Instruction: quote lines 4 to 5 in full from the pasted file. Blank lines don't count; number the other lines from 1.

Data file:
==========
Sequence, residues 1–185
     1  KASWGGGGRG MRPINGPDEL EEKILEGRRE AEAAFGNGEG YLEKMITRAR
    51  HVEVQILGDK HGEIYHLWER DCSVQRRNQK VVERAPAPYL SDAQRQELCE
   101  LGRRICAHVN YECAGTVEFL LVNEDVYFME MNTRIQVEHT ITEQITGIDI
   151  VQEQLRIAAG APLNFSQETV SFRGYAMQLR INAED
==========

   101  LGRRICAHVN YECAGTVEFL LVNEDVYFME MNTRIQVEHT ITEQITGIDI
   151  VQEQLRIAAG APLNFSQETV SFRGYAMQLR INAED